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Globosides are a sub-class of the lipid class glycosphingolipid[1] with three to nine sugar molecules as the side chain (or R group) of ceramide. The sugars are usually a combination of N-acetylgalactosamine, D-glucose or D-galactose. One characteristic of globosides is that the "core" sugars consists of Glucose-Galactose-Galactose (Ceramide-βGlc4-1βGal4-1αGal), like in the case of the most basic globoside Gb3, also known as pk-antigen. Another important characteristic of globosides is that they are neutral at pH 7, because they usually do not contain neuraminic acid, a sugar with an acidic carboxy-group. However, some globosides with the core structure Cer-Glc-Gal-Gal do contain neuraminic acid, e.g. the globo-series glycosphingolipid "SSEA-4-antigen"

The side chain can be cleaved by galactosidases and glucosidases. The deficiency of α-galactosidase A causes Fabry's disease, an inherited metabolic disease characterized by the accumulation of the globoside globotriaosylceramide.[2]

Globoside (GB4) has been known as the receptor for Parvovirus B19, due to observations that B19V binds to the thin-layered chromatogram of the structure. However, the binding on its surface does not match well with the virus, which raised debates on whether or not GB4 is the cause for productive infection.[3] Additional research using the technique Knockout Cell Line has shown that although GB4 does not have the direct entry receptor for B19V, it plays a post-entry role in productive infection.[4]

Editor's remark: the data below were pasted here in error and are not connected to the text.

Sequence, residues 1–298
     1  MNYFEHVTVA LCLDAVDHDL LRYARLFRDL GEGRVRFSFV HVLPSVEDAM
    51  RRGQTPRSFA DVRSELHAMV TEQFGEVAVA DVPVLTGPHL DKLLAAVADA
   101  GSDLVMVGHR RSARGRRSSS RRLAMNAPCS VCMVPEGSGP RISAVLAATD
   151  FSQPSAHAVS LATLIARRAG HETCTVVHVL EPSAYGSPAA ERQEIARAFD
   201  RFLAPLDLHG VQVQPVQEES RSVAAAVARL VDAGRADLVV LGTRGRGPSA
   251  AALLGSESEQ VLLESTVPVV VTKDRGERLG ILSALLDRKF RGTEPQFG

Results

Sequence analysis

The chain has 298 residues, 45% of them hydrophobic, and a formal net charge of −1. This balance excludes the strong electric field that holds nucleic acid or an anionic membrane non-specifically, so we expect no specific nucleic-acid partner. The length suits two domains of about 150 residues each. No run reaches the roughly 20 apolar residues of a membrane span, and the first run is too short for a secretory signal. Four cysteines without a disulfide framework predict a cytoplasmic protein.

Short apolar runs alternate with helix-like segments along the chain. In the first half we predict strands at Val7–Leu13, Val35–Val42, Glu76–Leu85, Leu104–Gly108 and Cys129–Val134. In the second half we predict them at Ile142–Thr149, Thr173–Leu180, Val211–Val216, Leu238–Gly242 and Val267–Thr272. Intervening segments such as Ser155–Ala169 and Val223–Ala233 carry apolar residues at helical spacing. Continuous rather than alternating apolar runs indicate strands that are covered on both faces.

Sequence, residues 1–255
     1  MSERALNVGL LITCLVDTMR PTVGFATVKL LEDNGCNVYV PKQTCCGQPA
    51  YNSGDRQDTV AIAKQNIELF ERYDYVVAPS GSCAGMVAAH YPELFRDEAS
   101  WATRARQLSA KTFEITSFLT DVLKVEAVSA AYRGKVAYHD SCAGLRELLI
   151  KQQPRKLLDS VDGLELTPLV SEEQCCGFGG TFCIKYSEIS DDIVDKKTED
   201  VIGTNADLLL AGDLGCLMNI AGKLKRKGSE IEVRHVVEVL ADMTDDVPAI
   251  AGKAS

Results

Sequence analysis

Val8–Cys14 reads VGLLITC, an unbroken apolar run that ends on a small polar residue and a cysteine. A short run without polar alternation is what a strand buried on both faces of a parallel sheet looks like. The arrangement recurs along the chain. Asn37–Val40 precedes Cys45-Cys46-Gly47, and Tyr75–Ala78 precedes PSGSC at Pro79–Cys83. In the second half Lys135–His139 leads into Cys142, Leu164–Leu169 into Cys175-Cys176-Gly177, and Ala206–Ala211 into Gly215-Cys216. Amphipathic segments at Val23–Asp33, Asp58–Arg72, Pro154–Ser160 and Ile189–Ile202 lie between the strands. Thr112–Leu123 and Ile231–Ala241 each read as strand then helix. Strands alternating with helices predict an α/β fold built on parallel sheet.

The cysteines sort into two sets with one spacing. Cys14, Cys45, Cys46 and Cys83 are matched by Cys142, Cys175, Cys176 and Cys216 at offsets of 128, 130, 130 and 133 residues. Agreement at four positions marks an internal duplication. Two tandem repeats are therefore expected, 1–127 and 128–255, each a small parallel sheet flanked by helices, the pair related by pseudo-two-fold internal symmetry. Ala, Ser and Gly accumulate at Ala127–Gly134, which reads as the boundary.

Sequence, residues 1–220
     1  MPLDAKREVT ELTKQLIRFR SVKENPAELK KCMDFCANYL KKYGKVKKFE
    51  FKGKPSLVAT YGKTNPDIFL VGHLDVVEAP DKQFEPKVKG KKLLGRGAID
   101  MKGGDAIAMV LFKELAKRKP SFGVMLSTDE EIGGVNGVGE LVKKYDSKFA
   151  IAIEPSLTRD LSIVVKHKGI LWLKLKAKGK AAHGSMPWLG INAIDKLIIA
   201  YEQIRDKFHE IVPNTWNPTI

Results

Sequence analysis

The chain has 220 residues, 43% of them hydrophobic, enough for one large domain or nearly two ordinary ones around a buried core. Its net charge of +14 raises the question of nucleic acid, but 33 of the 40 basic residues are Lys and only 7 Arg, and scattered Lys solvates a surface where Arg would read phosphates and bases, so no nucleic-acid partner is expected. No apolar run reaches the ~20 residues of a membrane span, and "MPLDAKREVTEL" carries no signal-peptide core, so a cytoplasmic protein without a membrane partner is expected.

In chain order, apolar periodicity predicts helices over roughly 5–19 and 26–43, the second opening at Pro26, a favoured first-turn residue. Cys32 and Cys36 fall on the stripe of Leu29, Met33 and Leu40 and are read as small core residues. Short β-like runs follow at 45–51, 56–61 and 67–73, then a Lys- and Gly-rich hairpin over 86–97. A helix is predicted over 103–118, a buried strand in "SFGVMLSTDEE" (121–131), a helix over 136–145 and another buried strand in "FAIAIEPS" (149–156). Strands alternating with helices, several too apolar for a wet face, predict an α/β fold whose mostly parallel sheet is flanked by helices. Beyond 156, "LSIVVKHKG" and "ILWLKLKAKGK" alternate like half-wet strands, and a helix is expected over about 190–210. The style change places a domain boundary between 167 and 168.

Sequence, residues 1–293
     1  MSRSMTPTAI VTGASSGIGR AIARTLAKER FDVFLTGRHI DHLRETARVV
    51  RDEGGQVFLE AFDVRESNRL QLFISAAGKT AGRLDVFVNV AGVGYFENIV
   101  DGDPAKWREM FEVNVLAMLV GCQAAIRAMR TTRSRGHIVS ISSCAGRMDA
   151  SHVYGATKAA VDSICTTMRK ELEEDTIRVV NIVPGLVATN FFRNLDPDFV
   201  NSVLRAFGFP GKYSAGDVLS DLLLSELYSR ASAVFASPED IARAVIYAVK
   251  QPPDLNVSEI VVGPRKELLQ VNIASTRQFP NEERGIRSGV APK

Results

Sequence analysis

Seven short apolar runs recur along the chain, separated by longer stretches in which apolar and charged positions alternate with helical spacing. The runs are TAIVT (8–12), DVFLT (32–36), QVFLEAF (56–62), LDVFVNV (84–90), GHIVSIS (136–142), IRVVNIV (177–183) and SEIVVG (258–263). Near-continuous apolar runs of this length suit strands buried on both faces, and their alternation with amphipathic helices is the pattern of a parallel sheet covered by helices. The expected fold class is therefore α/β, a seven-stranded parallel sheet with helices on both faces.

1. ^ Fahy, Eoin; Subramaniam, Shankar; Murphy, Robert C.; Nishijima, Masahiro; Raetz, Christian R.H.; Shimizu, Takao; Spener, Friedrich; van Meer, Gerrit; Wakelam, Michael J.O.; Dennis, Edward A. (April 2009). "Update of the LIPID MAPS comprehensive classification system for lipids". Journal of Lipid Research. 50: S9–S14. doi:10.1194/jlr.r800095-jlr200. ISSN 0022-2275.
  2. ^ Germain, D. P. (2002). "Fabry's disease (alpha-galactosidase-A deficiency): Physiopathology, clinical signs, and genetic aspects". Journal de la Société de Biologie. 196 (2): 161–73. doi:10.1051/jbio/2002196020161. PMID 12360745.
  3. ^ Nasir, Waqas; Nilsson, Jonas; Olofsson, Sigvard; Bally, Marta; Rydell, Gustaf E. (May 2014). "Parvovirus B19 VLP recognizes globoside in supported lipid bilayers". Virology. 456–457: 364–369. doi:10.1016/j.virol.2014.04.004. ISSN 1096-0341. PMID 24889255.
  4. ^ Bieri, Jan; Ros, Carlos (15 October 2019). "Globoside Is Dispensable for Parvovirus B19 Entry but Essential at a Post-entry Step for Productive Infection". Journal of Virology. 93 (20). doi:10.1128/JVI.00972-19. ISSN 0022-538X. PMC 6798098. PMID 31341051.

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